During his 60 Minutes interview last weekend, Donald Trump repeatedly told those fearful of what his presidency could bring, “Don’t be afraid.” So far he’s made no further effort to calm the public, even as his supporters suggested that some of people’s worst fears about a Trump administration are completely founded.
One extreme example: Carl Higbie, former Navy SEAL and spokesman for the pro-Trump Great American PAC, argued Wednesday night on Fox News that a registry of immigrants from Muslim countries would pass constitutional muster, citing the internment of Japanese-Americans during World War II. Here’s part of his exchange with Megyn Kelly:
HIGBIE: Yeah, and to be perfectly honest, it is legal. They say it will hold constitutional muster. I know the ACLU is gonna challenge it, but I think it’ll pass, and we’ve done it with Iran back – back a while ago. We did it during World War II with Japanese, which, you know, call it what you will, maybe —
KELLY: Come on. You’re not — you’re not proposing we go back to the days of internment camps, I hope.
HIGBIE: No, no, no. I’m not proposing that at all, Megyn, but what I am saying is we need to protect America from —
KELLY: You know better than to suggest that. I mean, that’s the kind of stuff that gets people scared, Carl.
HIGBIE: Right, but it’s — I’m just saying there is precedent for it, and I’m not saying I agree with it, but in this case I absolutely believe that a regional based —
KELLY: You can’t be citing Japanese internment camps as precedent for anything the president-elect is gonna do.
HIGBIE: Look, the president needs to protect America first, and if that means having people that are not protected under our Constitution have some sort of registry so we can understand, until we can identify the true threat and where it’s coming from, I support it.
Higbie’s overall argument is correct. Kansas secretary of State Kris Kobach, a Trump immigration adviser, suggested on Tuesday that the president-elect might reinstate a registry of Muslims entering the country on visas from countries that pose a terror threat. Though many people were unaware of it, that system — the National Security Entry-Exit Registration System — was in effect from 2002 to 2011. Legal challenges of the program did not get very far, and several constitutional law experts told Politico that a similar program would probably be allowed to continue today.
Judges will not, however, base that decision on the precedent set by the internment of Japanese-Americans. In 1942, roughly 120,000 people of Japanese ancestry living in the U.S. — including 62 percent who were U.S. citizens — were forcibly relocated to detention camps following an executive order issued by President Franklin Roosevelt.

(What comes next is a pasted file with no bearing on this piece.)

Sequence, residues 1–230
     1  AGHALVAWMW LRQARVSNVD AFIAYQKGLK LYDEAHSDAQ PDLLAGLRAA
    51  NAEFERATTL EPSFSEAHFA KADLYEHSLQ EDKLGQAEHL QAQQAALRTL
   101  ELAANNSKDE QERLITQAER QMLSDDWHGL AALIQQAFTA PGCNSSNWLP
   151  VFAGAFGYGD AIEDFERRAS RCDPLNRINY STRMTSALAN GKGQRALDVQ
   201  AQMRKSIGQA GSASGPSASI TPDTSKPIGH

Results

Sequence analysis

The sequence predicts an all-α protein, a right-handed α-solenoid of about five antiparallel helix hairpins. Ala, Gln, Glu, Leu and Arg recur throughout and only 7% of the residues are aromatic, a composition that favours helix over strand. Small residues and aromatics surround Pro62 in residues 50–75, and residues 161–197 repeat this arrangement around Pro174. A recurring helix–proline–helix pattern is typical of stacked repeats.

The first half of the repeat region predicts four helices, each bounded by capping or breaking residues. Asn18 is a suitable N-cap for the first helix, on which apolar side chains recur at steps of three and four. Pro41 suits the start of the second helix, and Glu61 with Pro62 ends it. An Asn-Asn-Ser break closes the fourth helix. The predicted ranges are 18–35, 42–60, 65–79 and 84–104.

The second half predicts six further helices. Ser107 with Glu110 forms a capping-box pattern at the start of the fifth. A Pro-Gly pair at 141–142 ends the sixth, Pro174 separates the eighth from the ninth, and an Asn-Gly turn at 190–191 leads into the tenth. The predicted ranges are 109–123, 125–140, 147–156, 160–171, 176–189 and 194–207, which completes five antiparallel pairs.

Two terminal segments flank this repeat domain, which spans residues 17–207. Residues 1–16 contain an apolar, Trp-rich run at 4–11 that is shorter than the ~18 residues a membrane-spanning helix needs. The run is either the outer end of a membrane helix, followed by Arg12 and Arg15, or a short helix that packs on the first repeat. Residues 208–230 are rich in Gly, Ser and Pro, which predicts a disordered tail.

The Supreme Court upheld the order in its 1944 decision Korematsu v. United States. Technically, the decision stands, as no case involving rounding up American citizens has come before the Court since then. However, Justice Antonin Scalia said it was one of the most shameful mistakes in the Court’s history, and Justice Stephen G. Breyer said it has been “so thoroughly discredited” that it is “hard to conceive of any future court referring to it favorably or relying on it.”
As for the suggestion that Muslim immigrants “are not protected under our Constitution,” that’s only partly true. As Slate explained, “Congress has nearly full authority to regulate immigration without interference from the courts.” However, they do have some protections, thanks to the 14th Amendment, which states, “No state shall … deprive any person of life, liberty or property, without due process of law; nor deny to any person within its jurisdiction the equal protection of the laws.” Even an undocumented immigrant counts as a “person,” and the courts have repeatedly ruled that they are entitled to a jury trial, due process, protection from unlawful search and seizure, and various other constitutional rights.
Nevertheless, after his Kelly File appearance, Higbie appeared to reject the fact that every person who enters the U.S. has some rights under the Constitution.
While Trump himself hasn’t said anything about internment camps or a Muslim registry in recent weeks, those fears weren’t sparked by comments from random Trump surrogates. Trump stirred confusion in December when he said he didn’t know if he would have opposed Japanese internment camps during World War II. “I certainly hate the concept of it,” he said. “But I would have had to be there at the time to give you a proper answer.”
When asked to clarify whether he would consider internment camps for American Muslims, he said he’d “rule it out, but we would have to be very vigilant. We’re going to have to be very smart.”
A year ago, there was a similar controversy over whether Trump was in favor of a Muslim database — possibly even including U.S. citizens. After suggesting he was open to registering all Muslims — and snapping “you tell me” at a reporter who asked how that would be different from the registry for Jews in Nazi Germany — Trump walked back his remarks. After combing through several “contradictory or confusing” statements, Politifact concluded: “It seems that Trump definitely wants a database of Syrian refugees, and he hasn’t ruled out the possibility of a database for all Muslims — though he isn’t actively calling for the latter.”